|Title||Deviancy, Transgression, and Queer Desires|
|Date/Time||Wednesday 6 July 2022: 16.30-18.00|
|Organiser||IMC Programming Committee|
|Moderator/Chair||Roland Betancourt, Department of Art History, University of California, Irvine|
|Paper 1332-a||Classifying Criminals: Public Power, Judicial Ritual, and Policing Gender in Late Medieval Flanders
Mireille Juliette Pardon, History Department, Berea College, Kentucky
Index Terms: Gender Studies; Law; Social History
|Paper 1332-b||The Old Russian Life of St Niphon of Constantine and Early East Slavic Queer History
Jacob Bell, Department of History, University of Illinois at Urbana-Champaign
Index Terms: Language and Literature - Slavic; Sexuality
Judicial spectacles at the end of the Middle Ages showed the power of the state through its ability to punish, but also through its ability to classify, controlling the categories of man/woman and criminal/citizen. My paper analyses bailiff accounts from 15th-century Bruges and Ghent to show increasing corporal and capital punishment as well as changing descriptions of criminality as legal officials more clearly defined the border between criminals and the rest of the community. This focus on classification through judicial ritual is also related to the persecution of cross-dressing where punishments involved the public reassertion of the 'correct' gender expression.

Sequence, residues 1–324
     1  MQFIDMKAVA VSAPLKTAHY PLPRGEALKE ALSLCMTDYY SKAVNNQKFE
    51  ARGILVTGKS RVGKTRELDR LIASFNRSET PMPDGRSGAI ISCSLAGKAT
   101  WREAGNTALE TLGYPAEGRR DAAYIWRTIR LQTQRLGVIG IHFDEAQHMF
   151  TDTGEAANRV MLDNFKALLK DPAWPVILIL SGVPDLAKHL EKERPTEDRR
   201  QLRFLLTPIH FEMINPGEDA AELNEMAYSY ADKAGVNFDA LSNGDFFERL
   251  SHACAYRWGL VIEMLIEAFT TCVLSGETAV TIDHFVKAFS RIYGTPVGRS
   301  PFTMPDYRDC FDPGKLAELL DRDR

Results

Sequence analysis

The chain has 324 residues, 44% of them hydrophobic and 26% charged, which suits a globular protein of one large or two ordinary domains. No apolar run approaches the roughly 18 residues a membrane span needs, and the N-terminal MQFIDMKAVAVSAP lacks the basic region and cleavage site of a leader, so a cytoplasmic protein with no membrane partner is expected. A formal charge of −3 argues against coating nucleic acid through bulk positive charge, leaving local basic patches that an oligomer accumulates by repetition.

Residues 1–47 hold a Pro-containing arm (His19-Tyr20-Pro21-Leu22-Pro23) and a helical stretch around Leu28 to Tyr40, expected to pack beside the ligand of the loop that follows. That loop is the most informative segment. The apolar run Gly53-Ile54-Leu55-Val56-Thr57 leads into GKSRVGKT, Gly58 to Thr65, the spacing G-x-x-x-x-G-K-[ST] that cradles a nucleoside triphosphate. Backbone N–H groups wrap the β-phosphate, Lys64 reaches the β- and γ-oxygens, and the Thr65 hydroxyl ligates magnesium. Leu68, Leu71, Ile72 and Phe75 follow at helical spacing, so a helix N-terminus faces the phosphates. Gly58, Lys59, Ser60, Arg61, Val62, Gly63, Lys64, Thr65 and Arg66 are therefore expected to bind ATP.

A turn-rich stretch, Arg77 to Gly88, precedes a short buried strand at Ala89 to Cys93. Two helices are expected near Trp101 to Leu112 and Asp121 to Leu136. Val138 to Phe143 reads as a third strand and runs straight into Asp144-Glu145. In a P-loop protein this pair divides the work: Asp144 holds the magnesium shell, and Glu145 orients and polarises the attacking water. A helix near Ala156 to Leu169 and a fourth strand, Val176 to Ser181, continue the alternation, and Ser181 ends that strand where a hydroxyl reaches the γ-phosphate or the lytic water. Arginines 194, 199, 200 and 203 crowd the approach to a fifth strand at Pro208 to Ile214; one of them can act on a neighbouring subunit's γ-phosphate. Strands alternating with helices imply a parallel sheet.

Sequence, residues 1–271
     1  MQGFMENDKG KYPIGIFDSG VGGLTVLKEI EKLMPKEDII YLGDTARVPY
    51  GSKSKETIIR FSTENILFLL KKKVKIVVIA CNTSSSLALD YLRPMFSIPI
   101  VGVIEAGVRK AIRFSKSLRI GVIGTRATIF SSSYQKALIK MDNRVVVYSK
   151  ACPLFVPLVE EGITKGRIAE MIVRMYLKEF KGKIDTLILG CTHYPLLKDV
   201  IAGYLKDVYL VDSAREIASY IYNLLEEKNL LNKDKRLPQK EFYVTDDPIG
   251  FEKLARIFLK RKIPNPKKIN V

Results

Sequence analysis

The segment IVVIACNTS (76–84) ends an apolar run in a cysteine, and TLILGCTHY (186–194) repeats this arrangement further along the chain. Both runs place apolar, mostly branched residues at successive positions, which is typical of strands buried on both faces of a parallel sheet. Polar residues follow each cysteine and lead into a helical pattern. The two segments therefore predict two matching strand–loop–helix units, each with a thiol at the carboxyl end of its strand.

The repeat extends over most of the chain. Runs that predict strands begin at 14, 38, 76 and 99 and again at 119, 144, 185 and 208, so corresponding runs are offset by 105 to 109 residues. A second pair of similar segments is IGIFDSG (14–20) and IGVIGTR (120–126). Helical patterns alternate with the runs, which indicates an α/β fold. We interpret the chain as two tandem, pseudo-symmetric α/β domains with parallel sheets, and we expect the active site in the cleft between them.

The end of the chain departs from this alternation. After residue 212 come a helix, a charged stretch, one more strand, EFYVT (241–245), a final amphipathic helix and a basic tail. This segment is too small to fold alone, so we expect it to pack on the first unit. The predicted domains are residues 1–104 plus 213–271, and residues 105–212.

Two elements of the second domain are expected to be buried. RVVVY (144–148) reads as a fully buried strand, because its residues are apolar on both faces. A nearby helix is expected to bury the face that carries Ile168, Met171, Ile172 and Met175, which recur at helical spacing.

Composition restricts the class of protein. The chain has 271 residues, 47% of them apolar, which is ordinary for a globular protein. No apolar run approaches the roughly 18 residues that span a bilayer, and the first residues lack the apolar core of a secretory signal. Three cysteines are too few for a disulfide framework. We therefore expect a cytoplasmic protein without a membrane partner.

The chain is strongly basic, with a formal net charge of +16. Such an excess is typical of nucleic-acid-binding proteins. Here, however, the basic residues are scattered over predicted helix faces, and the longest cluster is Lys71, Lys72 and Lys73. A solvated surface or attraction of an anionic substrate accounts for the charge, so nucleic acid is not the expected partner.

The Old Russian vita of St Niphon presents the troubled life of a 4th-century bishop who struggles to reconcile his lust for men and engagement in same-sex sex acts with his devotion to God, for which he subjects himself to severe asceticism. Despite his flaws, Niphon is presented as a favorite of God's, visited by Christ, the Theotokos, and several saints. This paper suggests that interrogating the border between Niphon's sexual activities and his reception by divine grace reveals how East Slavic monastics understood and discussed same-sex desire and represents a heretofore overlooked aspect of East Slavic queer history, imported via Greek hagiography.